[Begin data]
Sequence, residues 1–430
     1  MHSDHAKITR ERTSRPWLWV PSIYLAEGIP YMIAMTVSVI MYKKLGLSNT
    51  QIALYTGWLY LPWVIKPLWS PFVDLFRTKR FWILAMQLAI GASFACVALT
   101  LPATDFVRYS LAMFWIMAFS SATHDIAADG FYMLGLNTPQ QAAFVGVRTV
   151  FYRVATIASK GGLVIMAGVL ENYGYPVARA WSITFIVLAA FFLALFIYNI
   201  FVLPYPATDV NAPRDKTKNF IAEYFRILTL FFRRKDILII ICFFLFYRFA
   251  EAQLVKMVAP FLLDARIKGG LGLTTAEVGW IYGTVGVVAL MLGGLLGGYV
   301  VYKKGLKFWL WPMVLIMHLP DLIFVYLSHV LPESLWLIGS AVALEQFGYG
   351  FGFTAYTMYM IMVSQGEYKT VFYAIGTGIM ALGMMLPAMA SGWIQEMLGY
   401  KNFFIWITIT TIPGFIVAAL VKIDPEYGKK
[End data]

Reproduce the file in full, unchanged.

Sequence, residues 1–430
     1  MHSDHAKITR ERTSRPWLWV PSIYLAEGIP YMIAMTVSVI MYKKLGLSNT
    51  QIALYTGWLY LPWVIKPLWS PFVDLFRTKR FWILAMQLAI GASFACVALT
   101  LPATDFVRYS LAMFWIMAFS SATHDIAADG FYMLGLNTPQ QAAFVGVRTV
   151  FYRVATIASK GGLVIMAGVL ENYGYPVARA WSITFIVLAA FFLALFIYNI
   201  FVLPYPATDV NAPRDKTKNF IAEYFRILTL FFRRKDILII ICFFLFYRFA
   251  EAQLVKMVAP FLLDARIKGG LGLTTAEVGW IYGTVGVVAL MLGGLLGGYV
   301  VYKKGLKFWL WPMVLIMHLP DLIFVYLSHV LPESLWLIGS AVALEQFGYG
   351  FGFTAYTMYM IMVSQGEYKT VFYAIGTGIM ALGMMLPAMA SGWIQEMLGY
   401  KNFFIWITIT TIPGFIVAAL VKIDPEYGKK